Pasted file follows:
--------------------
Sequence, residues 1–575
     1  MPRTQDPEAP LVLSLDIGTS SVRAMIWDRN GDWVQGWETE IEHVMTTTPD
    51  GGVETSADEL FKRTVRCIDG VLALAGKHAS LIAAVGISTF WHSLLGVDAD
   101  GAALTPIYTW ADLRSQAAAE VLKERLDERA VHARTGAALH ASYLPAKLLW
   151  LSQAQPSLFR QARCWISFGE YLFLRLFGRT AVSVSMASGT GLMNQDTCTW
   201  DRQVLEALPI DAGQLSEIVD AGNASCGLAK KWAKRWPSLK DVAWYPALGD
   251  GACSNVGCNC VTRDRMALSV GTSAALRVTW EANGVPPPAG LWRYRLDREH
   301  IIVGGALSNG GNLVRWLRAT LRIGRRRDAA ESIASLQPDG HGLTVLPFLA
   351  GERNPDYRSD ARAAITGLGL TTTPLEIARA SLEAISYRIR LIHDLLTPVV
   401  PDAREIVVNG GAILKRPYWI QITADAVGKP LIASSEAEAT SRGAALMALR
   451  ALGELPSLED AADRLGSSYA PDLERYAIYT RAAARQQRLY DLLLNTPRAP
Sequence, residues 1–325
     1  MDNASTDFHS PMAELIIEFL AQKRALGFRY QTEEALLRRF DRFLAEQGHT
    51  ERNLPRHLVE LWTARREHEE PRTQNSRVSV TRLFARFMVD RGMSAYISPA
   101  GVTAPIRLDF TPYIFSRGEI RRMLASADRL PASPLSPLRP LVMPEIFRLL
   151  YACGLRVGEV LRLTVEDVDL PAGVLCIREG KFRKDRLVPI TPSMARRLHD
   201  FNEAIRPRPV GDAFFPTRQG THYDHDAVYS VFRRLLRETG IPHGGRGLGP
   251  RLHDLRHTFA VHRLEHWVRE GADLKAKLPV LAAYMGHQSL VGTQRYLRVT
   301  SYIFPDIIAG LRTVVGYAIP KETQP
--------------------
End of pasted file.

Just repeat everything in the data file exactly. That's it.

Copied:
Sequence, residues 1–575
     1  MPRTQDPEAP LVLSLDIGTS SVRAMIWDRN GDWVQGWETE IEHVMTTTPD
    51  GGVETSADEL FKRTVRCIDG VLALAGKHAS LIAAVGISTF WHSLLGVDAD
   101  GAALTPIYTW ADLRSQAAAE VLKERLDERA VHARTGAALH ASYLPAKLLW
   151  LSQAQPSLFR QARCWISFGE YLFLRLFGRT AVSVSMASGT GLMNQDTCTW
   201  DRQVLEALPI DAGQLSEIVD AGNASCGLAK KWAKRWPSLK DVAWYPALGD
   251  GACSNVGCNC VTRDRMALSV GTSAALRVTW EANGVPPPAG LWRYRLDREH
   301  IIVGGALSNG GNLVRWLRAT LRIGRRRDAA ESIASLQPDG HGLTVLPFLA
   351  GERNPDYRSD ARAAITGLGL TTTPLEIARA SLEAISYRIR LIHDLLTPVV
   401  PDAREIVVNG GAILKRPYWI QITADAVGKP LIASSEAEAT SRGAALMALR
   451  ALGELPSLED AADRLGSSYA PDLERYAIYT RAAARQQRLY DLLLNTPRAP
Sequence, residues 1–325
     1  MDNASTDFHS PMAELIIEFL AQKRALGFRY QTEEALLRRF DRFLAEQGHT
    51  ERNLPRHLVE LWTARREHEE PRTQNSRVSV TRLFARFMVD RGMSAYISPA
   101  GVTAPIRLDF TPYIFSRGEI RRMLASADRL PASPLSPLRP LVMPEIFRLL
   151  YACGLRVGEV LRLTVEDVDL PAGVLCIREG KFRKDRLVPI TPSMARRLHD
   201  FNEAIRPRPV GDAFFPTRQG THYDHDAVYS VFRRLLRETG IPHGGRGLGP
   251  RLHDLRHTFA VHRLEHWVRE GADLKAKLPV LAAYMGHQSL VGTQRYLRVT
   301  SYIFPDIIAG LRTVVGYAIP KETQP